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Chinese FDI in the US: Tripling Down on America

China’s global outbound investment has soared in the first half of 2016. The United States continues to be one of the top recipients of Chinese capital, with more than $18 billion of FDI in the first six months of 2016. This threefold increase from the same period last year was largely driven by private sector acquisitions in services, technology and consumer-oriented assets as well as more capital intensive greenfield projects in real estate and manufacturing.

With the release of this note, our China Investment Monitor was updated with 1H 2016 data. If you are interested in a more granular perspective on Chinese FDI in the US, please contact us.

Chinese FDI in the US tops $18 billion in 1H 2016

Chinese firms invested $8.3 billion in 1Q and $10.1 billion in 2Q 2016, bringing the total value of Chinese FDI in the United States in the first half of 2016 to $18.4 billion. This is almost three times of what we recorded for 1H 2015 ($6.4 billion), and more than total Chinese FDI in the US for all of 2015 ($15.3 billion). Strong M&A activity accounted for the majority of incoming Chinese capital, with 55 completed acquisitions worth more than $17 billion. Investment in greenfield projects also remained at elevated levels compared to previous years, driven by more capital intensive projects in real estate and manufacturing.


Capital flight or real economy fdi?

Some observers have argued that the recent surge in outbound FDI from China largely represents capital flight, as investors are trying to stash away capital in safe havens, responding to growing uncertainty about exchange rates and the economic and political outlook in China. While these factors are certainly important for explaining the latest jump in outbound investment, it is important to consider that the majority of outbound FDI still falls into the category of strategic investment.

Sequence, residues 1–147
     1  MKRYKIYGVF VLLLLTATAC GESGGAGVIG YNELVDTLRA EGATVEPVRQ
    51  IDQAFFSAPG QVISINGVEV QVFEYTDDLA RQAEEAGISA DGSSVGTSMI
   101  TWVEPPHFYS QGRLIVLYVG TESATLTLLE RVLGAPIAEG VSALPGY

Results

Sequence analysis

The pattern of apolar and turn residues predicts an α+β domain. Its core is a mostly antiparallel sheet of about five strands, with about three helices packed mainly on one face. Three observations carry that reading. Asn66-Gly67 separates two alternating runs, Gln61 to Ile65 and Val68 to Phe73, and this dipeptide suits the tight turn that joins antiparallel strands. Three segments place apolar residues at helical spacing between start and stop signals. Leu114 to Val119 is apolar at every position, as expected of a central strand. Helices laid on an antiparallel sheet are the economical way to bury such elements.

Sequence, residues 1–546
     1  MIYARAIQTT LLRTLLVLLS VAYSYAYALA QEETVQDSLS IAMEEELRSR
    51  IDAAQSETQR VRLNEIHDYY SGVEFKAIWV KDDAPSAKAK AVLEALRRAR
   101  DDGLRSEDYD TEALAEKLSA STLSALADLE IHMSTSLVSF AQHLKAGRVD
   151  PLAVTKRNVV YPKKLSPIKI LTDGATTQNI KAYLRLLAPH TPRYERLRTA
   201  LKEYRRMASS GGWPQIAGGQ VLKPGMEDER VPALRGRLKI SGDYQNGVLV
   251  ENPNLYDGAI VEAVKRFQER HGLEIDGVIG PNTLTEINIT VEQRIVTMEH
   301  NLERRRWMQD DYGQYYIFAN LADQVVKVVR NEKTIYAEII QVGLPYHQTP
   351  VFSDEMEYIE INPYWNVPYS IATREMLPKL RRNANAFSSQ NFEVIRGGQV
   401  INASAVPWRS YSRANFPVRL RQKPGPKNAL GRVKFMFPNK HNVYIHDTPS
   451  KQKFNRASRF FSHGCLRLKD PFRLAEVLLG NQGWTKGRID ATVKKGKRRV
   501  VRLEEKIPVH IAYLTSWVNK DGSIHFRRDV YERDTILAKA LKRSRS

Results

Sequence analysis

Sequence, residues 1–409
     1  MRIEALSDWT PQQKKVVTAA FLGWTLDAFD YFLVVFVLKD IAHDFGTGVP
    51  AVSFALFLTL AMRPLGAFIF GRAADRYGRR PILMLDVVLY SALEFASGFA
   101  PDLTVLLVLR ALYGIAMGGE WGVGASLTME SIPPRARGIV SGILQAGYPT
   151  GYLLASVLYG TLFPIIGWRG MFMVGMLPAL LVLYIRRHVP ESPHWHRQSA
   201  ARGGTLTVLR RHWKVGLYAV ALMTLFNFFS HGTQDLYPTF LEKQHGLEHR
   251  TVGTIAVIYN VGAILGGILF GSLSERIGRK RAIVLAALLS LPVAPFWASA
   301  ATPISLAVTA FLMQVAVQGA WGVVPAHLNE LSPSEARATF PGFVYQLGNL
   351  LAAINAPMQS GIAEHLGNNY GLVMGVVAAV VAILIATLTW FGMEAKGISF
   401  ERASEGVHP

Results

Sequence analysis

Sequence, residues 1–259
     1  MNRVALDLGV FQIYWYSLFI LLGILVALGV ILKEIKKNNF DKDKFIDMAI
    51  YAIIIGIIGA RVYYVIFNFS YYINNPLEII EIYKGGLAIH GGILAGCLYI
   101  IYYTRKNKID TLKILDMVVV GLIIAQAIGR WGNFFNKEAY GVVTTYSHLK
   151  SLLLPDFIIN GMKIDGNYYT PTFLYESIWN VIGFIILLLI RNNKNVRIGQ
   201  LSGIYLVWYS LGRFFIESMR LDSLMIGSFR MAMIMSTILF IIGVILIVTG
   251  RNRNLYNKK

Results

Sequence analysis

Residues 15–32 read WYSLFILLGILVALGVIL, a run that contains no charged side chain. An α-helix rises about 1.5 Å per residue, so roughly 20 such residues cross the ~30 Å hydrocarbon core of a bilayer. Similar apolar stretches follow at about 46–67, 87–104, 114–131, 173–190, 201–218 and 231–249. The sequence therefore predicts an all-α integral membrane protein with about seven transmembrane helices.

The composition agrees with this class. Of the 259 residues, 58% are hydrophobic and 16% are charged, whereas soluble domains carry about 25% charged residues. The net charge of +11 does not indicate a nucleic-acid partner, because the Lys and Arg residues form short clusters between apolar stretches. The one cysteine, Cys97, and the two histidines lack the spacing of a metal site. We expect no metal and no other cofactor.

More than 80% of all Chinese FDI transactions in the US in 1H 2016 can be characterized as strategic investments — real economy firms investing in their core areas of business. The sectors attracting the largest strategic investments were consumer goods (Haier’s acquisition of GE’s appliances unit for $5.6 billion), entertainment (Wanda’s purchase of Legendary Entertainment for $3.5 billion), ICT (acquisition of Omnivision Technologies by a Chinese consortium for $1.9 billion), and automotive (Ningbo Joyson’s acquisition of Key Safety Systems for $920 million).

Financial investments – those made primarily for financial returns – amounted to $3.5 billion, or 20% of total investment in 1H 2016. Most of those were large transactions targeting commercial real estate assets in major coastal cities (1285 Ave of the Americas, 1 New York Plaza, 61 Broadway, Park Lane Hotel, 755 Sansome Street). Private investors continued to drive investment, accounting for more than 72% of total investment in the first six months of the year.


Investment Surge Compounds political risks on both sides

The rapid growth of Chinese outbound FDI in the first half of 2016 has triggered political reactions both in China and host economies.